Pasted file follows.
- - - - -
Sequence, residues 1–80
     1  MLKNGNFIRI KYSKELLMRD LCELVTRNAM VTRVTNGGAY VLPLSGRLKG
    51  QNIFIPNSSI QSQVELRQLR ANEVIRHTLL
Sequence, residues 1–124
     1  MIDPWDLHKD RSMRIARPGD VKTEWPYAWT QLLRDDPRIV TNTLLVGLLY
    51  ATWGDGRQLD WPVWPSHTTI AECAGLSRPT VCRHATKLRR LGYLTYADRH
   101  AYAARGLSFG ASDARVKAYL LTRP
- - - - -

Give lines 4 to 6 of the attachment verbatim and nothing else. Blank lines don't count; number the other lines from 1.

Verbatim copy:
Sequence, residues 1–124
     1  MIDPWDLHKD RSMRIARPGD VKTEWPYAWT QLLRDDPRIV TNTLLVGLLY
    51  ATWGDGRQLD WPVWPSHTTI AECAGLSRPT VCRHATKLRR LGYLTYADRH